The Baltimore City Council passed a resolution Monday urging state legislators to increase funding for the world-renowned but financially strapped Baltimore Symphony Orchestra.
The resolution called on legislators to restore “pre-recession funding levels” to the BSO so that it can remain a “vital cultural and artistic asset for generations to come.” It said that declines in funding since the 2008 recession “contributed to a growing and unsustainable gap” in the BSO’s operating budget and risked its “viability as a full-time, world-class symphony orchestra.”
The resolution did not specify what it meant by “pre-recession.” But Councilman Eric Costello, who introduced the resolution, said he had figures that showed state funding for the BSO stood at $2.8 million in 2007, compared with $2 million in 2018.
Accounting for inflation, $2.8 million in 2007 amounts to about $3.4 million in 2019.
State funding levels for arts institutions such as the BSO generally fluctuate each year based on a variety of factors. Including funding from local jurisdictions, the BSO said it received a total of $4.8 million in government funds in 2007, compared to $3.3 million this year.
State officials couldn’t provide official budget figures Monday for the BSO. But numbers provided to legislators in Annapolis and confirmed as “generally correct” by the BSO, showed that the 2007 funding levels cited by Costello marked a decade-long high, and that the $2.6 million in state funding the BSO received for this year was more than in any other year since 2007 and more than it received in 2006.
The council’s resolution comes on the heels of the orchestra’s first international tour in 13 years, but also after the symphony put forward a plan to scale back its schedule and cut pay for musicians in light of budgetary woes.
Costello said he simply hoped legislators in Annapolis would recognize the BSO as “an amazing amenity to our citizens in Baltimore” and invest in it as “an economic development tool to get people into the city spending money.”
He praised the BSO’s educational role with students, noted its work beyond Baltimore at the Music Center at Strathmore in Montgomery County, and said the financial issues it is experiencing threaten a gem of the state.
Peter Kjome, the BSO’s president and CEO, said in a statement Monday that he was “tremendously grateful” for the council’s support.
“With financial losses averaging over $1.6 million a year over the past decade, it has become very clear that our current financial model is not sustainable,” he said. “We prefer not to speculate on the amount of additional resources that may be available, and we are tremendously grateful that additional support is being considered. We continue to engage in this dialogue with our community leaders.”
Performers from Washington and Pennsylvania joined brass musicians with the Baltimore Symphony Orchestra Tuesday night at the Baltimore Basilica for a concert meant to rally support at a time that many see as a crisis for the city’s more than century-old orchestra.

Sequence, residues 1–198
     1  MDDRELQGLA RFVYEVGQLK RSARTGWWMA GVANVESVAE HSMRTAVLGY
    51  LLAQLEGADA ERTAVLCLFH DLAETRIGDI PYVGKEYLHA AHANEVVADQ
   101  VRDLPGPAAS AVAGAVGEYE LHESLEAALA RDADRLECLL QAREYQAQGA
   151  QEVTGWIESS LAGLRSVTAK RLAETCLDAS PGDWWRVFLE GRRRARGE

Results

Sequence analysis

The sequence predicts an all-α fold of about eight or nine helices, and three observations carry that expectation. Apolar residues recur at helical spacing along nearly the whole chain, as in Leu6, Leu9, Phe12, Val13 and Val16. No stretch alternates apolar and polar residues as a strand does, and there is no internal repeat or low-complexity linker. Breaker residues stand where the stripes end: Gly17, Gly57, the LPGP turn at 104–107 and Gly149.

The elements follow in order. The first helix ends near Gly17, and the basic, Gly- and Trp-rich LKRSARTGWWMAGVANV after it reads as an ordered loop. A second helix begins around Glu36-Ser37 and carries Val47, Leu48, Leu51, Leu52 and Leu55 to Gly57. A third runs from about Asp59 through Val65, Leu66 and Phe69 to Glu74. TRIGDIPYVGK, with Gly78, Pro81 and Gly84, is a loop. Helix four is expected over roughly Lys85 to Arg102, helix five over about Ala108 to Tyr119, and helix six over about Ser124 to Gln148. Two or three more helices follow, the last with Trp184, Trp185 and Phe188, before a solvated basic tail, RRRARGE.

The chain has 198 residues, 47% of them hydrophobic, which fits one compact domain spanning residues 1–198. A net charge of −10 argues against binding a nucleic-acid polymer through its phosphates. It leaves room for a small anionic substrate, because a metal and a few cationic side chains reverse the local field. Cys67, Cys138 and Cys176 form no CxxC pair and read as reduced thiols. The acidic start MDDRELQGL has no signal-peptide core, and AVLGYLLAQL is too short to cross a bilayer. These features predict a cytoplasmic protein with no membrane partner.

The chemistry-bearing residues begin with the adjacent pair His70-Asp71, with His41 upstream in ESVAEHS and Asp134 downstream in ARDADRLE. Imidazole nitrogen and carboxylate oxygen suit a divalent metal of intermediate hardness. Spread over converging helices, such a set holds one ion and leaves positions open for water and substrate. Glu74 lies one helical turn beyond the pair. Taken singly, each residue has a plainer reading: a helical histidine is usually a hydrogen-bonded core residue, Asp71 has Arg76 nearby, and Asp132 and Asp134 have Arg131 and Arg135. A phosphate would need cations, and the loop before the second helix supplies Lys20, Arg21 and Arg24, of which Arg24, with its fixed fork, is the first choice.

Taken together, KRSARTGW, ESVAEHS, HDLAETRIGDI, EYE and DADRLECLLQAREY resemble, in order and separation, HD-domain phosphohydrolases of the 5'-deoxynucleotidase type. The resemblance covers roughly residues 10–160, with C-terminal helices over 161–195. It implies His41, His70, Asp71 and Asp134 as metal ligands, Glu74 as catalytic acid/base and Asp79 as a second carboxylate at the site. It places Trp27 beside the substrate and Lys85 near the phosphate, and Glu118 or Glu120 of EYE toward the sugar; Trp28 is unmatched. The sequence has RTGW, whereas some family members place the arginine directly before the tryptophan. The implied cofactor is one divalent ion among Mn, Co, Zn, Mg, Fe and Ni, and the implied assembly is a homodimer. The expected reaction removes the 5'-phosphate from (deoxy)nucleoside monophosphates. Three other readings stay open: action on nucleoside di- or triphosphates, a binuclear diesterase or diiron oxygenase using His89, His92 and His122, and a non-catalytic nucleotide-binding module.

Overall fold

Kjome said in November that the BSO had lost $16 million in the last decade. He said it must reduce its seasonal schedule from 52 weeks to 40 weeks and cut musicians’ pay to move forward in a sustainable way.
The BSO Endowment Trust Board, meanwhile, said last month that it has “reached the limit of our capacity to provide greater support” to the BSO without depleting its endowment and its purpose.
“We are not involved in contract proposals or discussions between the BSO and its musicians, but we do see a need for the BSO to find an approach that allows it to live within its means. We are committed to funding that sustainable approach,” it said.
Musicians, who are working under an expired contract as collective bargaining negotiations continue, said they wouldn’t accept a pay cut or a reduced schedule — which they said would demote the BSO from “a world-class symphony into a part-time regional orchestra.”
Greg Mulligan, a violinist and co-chairman of the players’ committee, said he was “delighted” by the council’s resolution, and that he and other players have been talking to legislators in Annapolis about the need for increased funding, as well.
He said the BSO’s suggestion that musicians should take what he calculated would amount of a 20 percent pay cut was ridiculous, and “would really damage the institution” by encouraging additional attrition as talented musicians sought other opportunities.
Donors and supporters of the Baltimore Symphony Orchestra have formed a committee called “Save Our BSO” in response to management’s proposal to reduce its musical season by weeks and cut musicians’ pay.
Cutting the symphony’s schedule would have a similar impact, he said — and he hopes state officials step in to help avoid such an outcome by committing again to the type of funding that was in place in 2007.
“If public funding were restored to that level, it would be a huge step towards giving us the money that we need to just maintain status quo,” he said.
The BSO’s total operating budget for 2019 was more than $26 million, according to state figures. It draws more than $3.5 million a year from its $62.3 million endowment to support its operations.
Councilwoman Mary Pat Clarke, who backed Costello’s resolution, said she would like to see the city double its contribution next year to $500,000. Costello, chairman of the council’s budget and appropriations committee, said he would be happy to consider that in upcoming city budget discussions.